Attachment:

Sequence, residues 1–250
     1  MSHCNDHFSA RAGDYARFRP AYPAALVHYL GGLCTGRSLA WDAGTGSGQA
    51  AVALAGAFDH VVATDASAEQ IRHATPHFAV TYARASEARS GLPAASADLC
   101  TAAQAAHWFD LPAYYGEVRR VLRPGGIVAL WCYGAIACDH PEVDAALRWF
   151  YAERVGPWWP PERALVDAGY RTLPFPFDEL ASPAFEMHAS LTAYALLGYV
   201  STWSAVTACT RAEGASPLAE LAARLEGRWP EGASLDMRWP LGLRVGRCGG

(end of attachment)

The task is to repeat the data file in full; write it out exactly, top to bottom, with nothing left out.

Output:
Sequence, residues 1–250
     1  MSHCNDHFSA RAGDYARFRP AYPAALVHYL GGLCTGRSLA WDAGTGSGQA
    51  AVALAGAFDH VVATDASAEQ IRHATPHFAV TYARASEARS GLPAASADLC
   101  TAAQAAHWFD LPAYYGEVRR VLRPGGIVAL WCYGAIACDH PEVDAALRWF
   151  YAERVGPWWP PERALVDAGY RTLPFPFDEL ASPAFEMHAS LTAYALLGYV
   201  STWSAVTACT RAEGASPLAE LAARLEGRWP EGASLDMRWP LGLRVGRCGG